By Chuck Taylor
GeekWire of Seattle asked a local expert in augmented reality what he thought of the big announcement. Randall Sprague, co-founder of Seattle-area startup Innovega and former chief engineer of Bothell-based Microvision, told Todd Bishop that he thought it was great to have a company of Google’s size and influence entering the sector but that the demo video and glasses were presented in a misleading way. The Google Glass hardware displayed, Sprague said,
… is pretty much an old-school eyewear device. A really tiny display. They’ve mounted it up and to the right, which is kinda odd because that’s the worst possible place to put a display to actually be able to see it. But it has the advantage in that you can make a nice-looking display product. If you’re not constrained by function, you can actually make it look pretty nice.Full article at GeekWire: Reality check: Google’s glasses, as viewed by an augmented-reality veteran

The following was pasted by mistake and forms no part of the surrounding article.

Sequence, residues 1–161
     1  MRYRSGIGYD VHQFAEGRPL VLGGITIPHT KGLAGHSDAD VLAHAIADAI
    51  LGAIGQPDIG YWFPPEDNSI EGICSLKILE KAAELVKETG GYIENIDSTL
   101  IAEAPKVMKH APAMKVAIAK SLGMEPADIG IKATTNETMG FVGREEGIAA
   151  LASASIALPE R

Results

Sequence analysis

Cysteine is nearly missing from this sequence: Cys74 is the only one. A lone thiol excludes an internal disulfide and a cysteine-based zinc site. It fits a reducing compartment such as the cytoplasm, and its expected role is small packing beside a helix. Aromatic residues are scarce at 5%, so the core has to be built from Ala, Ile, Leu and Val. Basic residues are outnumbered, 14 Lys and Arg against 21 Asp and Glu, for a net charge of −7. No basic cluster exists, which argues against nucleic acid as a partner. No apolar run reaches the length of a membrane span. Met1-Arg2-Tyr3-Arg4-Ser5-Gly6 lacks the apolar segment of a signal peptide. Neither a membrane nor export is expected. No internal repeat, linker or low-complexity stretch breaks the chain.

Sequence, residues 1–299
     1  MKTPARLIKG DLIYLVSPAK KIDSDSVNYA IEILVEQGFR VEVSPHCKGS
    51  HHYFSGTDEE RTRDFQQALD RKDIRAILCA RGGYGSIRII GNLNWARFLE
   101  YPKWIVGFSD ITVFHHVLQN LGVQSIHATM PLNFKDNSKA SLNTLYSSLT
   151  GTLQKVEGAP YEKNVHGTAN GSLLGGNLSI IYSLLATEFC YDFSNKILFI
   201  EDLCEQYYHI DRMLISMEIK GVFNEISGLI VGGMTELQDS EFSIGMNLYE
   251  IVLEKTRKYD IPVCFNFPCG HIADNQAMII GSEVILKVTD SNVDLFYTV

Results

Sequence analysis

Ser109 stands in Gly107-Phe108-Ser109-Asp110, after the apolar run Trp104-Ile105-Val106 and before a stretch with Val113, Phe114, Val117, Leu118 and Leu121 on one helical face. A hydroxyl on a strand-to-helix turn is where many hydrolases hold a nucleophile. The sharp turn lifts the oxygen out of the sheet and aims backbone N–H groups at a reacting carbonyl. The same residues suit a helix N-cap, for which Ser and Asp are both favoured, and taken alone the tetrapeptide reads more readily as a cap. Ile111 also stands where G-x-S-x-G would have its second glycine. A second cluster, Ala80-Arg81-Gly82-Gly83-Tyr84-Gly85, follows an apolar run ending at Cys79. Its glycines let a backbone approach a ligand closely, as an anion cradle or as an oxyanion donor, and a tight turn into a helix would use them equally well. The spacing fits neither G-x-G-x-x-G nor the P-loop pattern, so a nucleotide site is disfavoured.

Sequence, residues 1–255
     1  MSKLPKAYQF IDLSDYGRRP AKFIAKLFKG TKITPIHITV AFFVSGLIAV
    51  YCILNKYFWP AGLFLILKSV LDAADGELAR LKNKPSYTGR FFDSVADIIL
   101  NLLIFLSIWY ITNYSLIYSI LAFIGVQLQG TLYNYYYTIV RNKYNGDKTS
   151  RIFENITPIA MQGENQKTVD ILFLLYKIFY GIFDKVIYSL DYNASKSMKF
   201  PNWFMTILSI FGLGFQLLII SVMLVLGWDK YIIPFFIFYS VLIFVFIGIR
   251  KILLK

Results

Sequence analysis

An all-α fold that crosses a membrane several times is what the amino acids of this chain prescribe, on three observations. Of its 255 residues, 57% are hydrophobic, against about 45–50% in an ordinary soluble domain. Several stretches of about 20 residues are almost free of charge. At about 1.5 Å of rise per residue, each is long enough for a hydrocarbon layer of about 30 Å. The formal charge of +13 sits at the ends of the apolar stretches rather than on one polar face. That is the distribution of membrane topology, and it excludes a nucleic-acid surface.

So this is an old-school, tiny-optic, tiny-display device. And it has no correlation to the video that they showed. The video shows full-field wide imagery, right in front of your eyes. People think that the video is imagery that this eyewear would support, and they’re not at all related.